Dallas Seitz - HUNTED (the cannibalism of colonial collectorexia)26. Oct - 20. Jan 08 / ended Pump House Gallery
Pump House Gallery is pleased to present Dallas Seitzís first solo show in a UK public gallery, which will include a number of significant new commissioned works. Moving between the mediums of video, sculpture, drawing and photography Seitz investigates the processes of hunting and collecting as a form of colonization and obsession. Though the artistís practice is largely conceptual, much of his work originates from the personal. Often drawing on his own family, upbringing, and memories Seitz moves towards psychological and political terrains - exploring the wider motivations, intentions and implications behind the act of collecting.
HUNTED (the cannibalism of colonial collectorexia) features a variety of artworks in a number of different media including films, images, handmade objects and bronze and glass sculptures. Drawing from the iconography of childrenís stories and Boy Scout handbooks, the rituals of coyote hunters, and the early curatorial practices of the cabinets of curiosities, each work explores the way in which children are reared and in some ways colonised by parents and society. At the heart of the show lies a visual feast, a room crammed with 150 exquisite handmade dolls shipped from Canada, that form part of the artistís grandmothers 2000 strong collection (one of the largest in Canada).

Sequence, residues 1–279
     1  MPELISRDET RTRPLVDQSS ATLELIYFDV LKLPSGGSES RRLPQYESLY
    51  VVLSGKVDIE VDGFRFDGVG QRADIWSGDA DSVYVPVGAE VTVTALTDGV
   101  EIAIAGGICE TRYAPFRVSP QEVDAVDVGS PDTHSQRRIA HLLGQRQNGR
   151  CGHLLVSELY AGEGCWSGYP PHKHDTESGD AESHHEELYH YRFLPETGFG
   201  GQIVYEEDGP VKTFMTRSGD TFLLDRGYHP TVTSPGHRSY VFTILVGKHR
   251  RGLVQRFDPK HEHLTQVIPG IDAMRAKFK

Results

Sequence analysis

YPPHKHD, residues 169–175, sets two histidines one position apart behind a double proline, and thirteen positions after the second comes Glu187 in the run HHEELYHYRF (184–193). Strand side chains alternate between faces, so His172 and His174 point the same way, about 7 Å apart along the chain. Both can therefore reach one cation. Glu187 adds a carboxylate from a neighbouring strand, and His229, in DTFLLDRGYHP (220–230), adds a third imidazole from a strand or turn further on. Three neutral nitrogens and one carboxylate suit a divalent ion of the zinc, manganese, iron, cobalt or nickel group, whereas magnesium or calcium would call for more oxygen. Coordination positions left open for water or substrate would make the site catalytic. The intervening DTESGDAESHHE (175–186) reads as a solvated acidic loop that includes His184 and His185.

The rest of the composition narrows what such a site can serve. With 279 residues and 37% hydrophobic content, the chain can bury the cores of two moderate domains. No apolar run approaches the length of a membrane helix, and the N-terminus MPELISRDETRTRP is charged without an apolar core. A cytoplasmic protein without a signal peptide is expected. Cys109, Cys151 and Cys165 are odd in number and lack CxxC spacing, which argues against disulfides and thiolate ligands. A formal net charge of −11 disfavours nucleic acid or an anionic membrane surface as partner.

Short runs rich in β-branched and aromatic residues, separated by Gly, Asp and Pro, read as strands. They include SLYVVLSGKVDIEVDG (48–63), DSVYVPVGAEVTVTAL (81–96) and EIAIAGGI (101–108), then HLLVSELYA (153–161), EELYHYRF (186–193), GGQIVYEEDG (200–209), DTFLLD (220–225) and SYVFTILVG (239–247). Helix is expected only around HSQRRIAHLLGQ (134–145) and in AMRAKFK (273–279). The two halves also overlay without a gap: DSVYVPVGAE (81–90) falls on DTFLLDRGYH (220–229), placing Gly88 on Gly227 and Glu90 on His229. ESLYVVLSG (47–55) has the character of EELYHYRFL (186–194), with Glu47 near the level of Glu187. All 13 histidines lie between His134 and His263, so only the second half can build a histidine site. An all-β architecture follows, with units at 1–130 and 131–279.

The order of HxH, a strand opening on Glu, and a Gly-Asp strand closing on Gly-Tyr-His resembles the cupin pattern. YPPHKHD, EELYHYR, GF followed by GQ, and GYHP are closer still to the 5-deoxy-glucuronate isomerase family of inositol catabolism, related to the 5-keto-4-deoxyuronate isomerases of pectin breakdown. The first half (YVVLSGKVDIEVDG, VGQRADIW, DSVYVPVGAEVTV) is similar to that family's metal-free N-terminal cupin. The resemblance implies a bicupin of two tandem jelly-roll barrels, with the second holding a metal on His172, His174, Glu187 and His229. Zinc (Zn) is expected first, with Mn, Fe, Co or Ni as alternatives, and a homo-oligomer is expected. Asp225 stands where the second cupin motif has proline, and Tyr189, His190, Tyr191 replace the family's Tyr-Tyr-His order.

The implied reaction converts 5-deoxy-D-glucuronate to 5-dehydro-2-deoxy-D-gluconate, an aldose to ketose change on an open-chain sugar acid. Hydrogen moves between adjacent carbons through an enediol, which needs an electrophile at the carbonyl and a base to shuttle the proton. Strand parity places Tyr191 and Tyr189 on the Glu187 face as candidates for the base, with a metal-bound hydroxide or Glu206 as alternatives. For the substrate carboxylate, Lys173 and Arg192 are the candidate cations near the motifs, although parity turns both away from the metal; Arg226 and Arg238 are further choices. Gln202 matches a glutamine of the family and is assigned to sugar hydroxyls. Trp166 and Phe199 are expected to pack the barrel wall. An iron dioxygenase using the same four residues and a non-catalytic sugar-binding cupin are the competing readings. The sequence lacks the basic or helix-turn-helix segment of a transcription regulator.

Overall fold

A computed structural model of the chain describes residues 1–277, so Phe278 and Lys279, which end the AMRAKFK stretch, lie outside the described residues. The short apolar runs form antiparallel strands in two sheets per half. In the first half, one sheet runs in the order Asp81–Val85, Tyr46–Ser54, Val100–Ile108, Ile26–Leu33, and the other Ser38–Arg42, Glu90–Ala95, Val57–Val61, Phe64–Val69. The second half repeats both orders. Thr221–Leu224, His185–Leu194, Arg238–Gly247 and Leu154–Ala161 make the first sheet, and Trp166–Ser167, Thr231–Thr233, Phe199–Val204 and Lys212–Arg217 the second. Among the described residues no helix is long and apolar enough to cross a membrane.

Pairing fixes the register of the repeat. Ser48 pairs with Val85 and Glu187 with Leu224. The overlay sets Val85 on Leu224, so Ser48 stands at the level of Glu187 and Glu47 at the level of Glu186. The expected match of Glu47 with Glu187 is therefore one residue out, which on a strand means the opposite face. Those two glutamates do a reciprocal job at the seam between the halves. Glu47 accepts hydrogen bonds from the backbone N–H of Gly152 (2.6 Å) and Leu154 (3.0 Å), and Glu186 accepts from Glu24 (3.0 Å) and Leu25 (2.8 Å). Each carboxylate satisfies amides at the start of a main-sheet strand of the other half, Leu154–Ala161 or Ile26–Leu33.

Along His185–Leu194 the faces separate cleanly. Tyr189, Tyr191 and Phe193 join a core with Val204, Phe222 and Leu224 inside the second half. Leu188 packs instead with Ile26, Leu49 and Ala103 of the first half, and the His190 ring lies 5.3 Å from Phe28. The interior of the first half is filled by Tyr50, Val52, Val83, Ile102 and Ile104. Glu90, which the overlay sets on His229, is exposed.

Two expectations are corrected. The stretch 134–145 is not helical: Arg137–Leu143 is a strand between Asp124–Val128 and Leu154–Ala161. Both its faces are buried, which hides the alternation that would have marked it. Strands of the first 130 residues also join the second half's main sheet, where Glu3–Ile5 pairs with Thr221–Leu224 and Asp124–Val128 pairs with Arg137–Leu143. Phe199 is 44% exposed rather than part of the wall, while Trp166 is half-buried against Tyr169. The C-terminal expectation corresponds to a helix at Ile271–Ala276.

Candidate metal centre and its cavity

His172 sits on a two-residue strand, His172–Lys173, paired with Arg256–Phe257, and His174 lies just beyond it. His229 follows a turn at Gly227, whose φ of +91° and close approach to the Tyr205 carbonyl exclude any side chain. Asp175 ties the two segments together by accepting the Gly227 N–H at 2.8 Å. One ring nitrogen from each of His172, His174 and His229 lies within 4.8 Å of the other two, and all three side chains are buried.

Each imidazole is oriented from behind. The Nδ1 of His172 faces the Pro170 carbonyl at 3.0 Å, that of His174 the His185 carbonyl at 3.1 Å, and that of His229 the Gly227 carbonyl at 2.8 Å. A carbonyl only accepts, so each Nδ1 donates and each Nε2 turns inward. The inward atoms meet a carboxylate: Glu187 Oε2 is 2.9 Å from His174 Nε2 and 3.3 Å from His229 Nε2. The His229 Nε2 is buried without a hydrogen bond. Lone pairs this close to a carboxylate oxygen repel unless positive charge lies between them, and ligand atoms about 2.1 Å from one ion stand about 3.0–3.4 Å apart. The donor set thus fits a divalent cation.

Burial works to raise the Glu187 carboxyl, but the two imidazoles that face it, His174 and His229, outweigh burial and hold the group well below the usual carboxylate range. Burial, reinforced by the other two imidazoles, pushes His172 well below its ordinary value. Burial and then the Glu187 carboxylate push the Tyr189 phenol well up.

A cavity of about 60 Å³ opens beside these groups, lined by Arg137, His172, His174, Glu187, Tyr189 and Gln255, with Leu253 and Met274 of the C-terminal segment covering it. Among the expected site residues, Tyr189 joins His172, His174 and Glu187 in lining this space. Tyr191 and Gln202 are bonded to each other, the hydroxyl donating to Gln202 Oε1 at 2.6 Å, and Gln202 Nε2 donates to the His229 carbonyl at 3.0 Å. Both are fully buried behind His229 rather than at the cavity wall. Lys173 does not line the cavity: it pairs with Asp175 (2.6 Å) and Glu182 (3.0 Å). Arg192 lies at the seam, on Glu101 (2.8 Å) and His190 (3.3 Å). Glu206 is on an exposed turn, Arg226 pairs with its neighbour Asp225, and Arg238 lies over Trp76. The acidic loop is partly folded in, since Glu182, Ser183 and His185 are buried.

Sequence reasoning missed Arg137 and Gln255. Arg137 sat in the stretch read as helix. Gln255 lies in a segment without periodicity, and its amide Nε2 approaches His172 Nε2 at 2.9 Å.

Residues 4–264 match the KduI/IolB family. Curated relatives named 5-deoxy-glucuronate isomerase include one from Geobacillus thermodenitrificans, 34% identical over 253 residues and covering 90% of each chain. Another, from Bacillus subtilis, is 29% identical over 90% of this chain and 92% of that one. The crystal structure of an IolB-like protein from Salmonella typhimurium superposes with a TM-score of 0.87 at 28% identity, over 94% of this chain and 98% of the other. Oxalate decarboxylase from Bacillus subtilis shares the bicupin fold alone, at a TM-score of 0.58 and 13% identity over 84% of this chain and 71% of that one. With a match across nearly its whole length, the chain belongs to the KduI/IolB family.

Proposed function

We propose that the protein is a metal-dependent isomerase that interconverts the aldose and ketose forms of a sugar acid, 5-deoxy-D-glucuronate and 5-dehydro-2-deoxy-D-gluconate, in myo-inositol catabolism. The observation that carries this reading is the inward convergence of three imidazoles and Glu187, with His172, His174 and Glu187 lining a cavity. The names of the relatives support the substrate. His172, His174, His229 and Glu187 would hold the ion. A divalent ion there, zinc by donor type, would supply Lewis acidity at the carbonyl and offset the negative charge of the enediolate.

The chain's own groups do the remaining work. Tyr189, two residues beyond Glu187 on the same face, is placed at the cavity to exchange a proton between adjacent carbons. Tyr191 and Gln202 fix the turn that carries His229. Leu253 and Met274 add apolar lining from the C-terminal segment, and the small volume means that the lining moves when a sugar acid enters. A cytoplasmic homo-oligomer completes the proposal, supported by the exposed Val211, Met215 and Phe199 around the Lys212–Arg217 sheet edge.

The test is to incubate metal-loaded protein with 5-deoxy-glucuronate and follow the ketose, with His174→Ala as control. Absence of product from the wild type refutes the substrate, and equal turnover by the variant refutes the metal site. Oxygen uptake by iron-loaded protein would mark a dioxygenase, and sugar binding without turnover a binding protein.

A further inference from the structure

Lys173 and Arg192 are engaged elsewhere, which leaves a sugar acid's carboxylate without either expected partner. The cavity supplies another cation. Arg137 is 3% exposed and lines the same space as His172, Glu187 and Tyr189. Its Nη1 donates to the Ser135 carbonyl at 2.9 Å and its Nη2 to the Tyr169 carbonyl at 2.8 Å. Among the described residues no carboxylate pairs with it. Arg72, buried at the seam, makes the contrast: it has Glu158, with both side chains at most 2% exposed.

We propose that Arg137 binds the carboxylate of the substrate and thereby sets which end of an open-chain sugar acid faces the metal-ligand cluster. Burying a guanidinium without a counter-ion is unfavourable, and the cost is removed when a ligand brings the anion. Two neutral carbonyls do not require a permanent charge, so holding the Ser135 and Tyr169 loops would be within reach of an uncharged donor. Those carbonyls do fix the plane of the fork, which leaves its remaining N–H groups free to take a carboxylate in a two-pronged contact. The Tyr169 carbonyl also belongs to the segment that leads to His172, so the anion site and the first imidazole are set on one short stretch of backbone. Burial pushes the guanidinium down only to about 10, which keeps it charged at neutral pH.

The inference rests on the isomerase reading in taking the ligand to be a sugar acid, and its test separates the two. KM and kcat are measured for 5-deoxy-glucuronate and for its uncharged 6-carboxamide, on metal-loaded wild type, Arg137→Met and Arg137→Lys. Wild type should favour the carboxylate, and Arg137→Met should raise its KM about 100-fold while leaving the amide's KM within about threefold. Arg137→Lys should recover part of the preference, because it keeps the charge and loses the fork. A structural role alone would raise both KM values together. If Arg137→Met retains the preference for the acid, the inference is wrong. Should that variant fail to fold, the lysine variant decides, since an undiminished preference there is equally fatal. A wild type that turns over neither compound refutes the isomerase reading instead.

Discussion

Dallas Seitz completed an MA at Chelsea School of Art and Design. He has shown in a range of international venues including Flipside Gallery, New York; Gallery West Berlin, Germany; The Banff Centre, Canada; Carter Presents, London. He is also co-founder and director of 1000000mph project space in Bethnal Green, London, a contemporary artist run space with a rapidly growing reputation for showing challenging and innovative young artists.
For information, images or to arrange interviews please contact: Claire Heafford on 020 7350 0523 or email@example.com
This exhibition is kindly supported by the Arts Council England and The Henry Moore Foundation.